The photomultiplier is an extremely sensitive light detector providing a current output proportional to light intensity. Photomultipliers are used to measure any process which directly or indirectly emits light. Large area light detection, high gain and the ability to detect single photons give the photomultiplier distinct advantages over other light detectors.
The diagram below will help you understand how a photomultipler works.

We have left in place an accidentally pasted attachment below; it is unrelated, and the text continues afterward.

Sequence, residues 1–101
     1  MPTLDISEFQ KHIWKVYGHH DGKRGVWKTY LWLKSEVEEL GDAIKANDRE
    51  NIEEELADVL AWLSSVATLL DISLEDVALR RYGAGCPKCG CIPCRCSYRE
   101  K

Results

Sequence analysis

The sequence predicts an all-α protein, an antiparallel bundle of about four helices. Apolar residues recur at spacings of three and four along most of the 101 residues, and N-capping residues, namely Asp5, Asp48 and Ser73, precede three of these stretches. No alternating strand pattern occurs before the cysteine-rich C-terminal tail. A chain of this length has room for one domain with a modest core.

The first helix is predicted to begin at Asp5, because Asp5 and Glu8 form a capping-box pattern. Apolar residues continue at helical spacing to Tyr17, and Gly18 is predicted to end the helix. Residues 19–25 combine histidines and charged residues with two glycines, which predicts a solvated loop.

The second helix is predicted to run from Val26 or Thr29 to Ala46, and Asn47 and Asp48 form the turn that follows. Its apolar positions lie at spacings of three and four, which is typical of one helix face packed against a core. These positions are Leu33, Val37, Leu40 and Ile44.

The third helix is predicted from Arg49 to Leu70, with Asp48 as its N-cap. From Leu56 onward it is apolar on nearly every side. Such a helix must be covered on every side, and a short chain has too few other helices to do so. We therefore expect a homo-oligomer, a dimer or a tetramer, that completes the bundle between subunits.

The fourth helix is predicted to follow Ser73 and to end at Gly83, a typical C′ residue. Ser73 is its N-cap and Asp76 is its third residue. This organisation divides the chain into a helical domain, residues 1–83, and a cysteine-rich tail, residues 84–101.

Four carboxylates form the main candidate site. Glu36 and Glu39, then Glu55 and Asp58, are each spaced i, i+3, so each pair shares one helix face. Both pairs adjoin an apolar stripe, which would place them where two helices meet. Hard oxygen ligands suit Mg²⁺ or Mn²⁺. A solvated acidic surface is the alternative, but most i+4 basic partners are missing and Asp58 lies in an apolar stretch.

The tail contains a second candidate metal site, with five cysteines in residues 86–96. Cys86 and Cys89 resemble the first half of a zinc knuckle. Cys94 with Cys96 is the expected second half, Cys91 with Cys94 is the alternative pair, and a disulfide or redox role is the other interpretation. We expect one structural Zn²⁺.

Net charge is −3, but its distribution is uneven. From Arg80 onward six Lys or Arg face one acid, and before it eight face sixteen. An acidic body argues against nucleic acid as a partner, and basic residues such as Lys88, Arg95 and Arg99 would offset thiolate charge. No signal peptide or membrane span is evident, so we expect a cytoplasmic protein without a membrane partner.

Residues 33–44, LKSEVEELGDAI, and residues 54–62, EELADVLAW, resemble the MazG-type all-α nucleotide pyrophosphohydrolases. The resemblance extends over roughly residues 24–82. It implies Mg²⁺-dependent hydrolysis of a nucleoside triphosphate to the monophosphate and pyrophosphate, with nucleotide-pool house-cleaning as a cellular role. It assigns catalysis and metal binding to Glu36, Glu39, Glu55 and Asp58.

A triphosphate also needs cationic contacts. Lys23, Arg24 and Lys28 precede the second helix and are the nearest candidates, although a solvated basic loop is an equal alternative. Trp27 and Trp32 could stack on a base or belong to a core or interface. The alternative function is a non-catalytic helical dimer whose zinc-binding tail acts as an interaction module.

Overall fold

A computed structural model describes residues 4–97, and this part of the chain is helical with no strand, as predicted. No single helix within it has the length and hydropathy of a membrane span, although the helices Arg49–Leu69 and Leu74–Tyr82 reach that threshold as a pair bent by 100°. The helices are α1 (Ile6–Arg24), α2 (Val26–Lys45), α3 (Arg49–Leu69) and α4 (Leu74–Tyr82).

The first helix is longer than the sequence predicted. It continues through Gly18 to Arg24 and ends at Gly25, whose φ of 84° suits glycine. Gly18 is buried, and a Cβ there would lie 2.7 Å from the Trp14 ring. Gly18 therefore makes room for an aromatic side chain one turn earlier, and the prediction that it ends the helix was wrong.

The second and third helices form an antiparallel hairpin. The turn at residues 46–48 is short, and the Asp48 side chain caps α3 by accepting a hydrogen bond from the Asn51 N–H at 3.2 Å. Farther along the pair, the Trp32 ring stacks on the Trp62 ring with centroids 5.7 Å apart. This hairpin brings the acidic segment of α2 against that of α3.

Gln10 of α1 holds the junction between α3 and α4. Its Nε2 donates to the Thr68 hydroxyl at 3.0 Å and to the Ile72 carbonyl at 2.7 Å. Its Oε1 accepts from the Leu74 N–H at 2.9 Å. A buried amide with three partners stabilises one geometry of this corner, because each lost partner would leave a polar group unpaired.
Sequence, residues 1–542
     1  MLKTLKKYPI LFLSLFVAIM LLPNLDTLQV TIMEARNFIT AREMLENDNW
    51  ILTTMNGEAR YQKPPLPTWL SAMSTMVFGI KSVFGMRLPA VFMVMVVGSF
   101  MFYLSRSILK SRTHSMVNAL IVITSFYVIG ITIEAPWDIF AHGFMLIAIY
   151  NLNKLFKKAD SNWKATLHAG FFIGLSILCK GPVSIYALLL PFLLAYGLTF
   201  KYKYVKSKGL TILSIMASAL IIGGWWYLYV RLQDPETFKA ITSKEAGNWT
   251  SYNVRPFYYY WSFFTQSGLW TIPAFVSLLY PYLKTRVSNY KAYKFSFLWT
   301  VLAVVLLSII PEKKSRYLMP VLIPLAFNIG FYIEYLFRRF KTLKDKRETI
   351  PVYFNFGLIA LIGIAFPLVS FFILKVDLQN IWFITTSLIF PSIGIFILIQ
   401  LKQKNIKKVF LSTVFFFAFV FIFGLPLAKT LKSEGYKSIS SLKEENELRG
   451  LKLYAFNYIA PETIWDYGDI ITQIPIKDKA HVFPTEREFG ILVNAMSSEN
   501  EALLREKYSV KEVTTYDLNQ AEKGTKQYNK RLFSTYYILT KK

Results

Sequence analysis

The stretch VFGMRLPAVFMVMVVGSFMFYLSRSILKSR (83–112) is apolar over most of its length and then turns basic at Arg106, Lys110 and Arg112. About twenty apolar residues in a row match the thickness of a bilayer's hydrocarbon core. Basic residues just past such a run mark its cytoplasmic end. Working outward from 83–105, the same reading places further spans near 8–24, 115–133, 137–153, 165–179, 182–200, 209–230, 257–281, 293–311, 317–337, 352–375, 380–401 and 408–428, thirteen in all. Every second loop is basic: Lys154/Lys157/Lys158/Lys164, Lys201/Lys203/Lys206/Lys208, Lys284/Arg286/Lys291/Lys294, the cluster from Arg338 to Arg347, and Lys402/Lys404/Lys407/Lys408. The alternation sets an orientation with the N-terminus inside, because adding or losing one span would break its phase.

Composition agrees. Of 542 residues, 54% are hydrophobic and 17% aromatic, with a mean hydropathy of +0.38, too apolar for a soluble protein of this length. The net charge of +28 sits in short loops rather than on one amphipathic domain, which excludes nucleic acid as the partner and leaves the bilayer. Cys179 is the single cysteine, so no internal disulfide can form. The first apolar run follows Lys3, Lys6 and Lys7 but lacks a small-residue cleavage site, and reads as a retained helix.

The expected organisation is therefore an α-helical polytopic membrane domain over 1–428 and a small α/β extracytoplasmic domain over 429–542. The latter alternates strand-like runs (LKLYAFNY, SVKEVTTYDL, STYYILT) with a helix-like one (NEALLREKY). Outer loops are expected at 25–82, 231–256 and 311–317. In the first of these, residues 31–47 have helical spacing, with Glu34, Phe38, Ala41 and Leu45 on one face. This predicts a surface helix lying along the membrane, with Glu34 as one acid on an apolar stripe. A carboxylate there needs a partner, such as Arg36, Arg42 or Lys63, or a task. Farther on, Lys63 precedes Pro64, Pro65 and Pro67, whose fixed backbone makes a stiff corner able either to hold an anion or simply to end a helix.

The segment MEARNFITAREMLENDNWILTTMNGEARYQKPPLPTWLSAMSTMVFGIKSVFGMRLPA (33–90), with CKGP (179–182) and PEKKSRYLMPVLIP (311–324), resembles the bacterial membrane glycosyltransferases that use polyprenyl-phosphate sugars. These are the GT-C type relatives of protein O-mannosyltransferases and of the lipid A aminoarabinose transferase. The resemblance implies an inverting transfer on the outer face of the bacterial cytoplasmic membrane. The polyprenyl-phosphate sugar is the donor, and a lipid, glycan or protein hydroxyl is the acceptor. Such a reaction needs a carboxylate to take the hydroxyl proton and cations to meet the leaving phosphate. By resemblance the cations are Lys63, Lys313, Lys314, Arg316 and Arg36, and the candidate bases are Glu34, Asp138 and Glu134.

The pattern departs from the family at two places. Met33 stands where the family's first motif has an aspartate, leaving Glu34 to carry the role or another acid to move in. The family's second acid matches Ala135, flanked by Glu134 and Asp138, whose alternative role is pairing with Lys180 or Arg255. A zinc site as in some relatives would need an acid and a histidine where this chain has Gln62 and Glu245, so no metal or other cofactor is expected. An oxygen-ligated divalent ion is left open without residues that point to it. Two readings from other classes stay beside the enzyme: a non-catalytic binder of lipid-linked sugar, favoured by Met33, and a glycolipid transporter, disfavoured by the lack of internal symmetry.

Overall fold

The photomultiplier detects light at the photocathode (k) which emits electrons by the photoelectric effect. These photoelectrons are electrostatically accelerated and focused onto the first dynode (d1) of an electron multiplier. On impact each electron liberates a number of secondary electrons which are in turn, electrostatically accelerated and focused onto the next dynode (d2). The process is repeated at each subsequent dynode and the secondary electrons from the last dynode are collected at the anode (a). The ratio of secondary to primary electrons emitted at each dynode depends on the energy of the incident electrons and is controlled by the inter-electrode potentials. By using a variable high voltage supply and a voltage divider network, to provide the inter-electrode voltages, the amplitude of photomultiplier output can be varied over a wide dynamic range.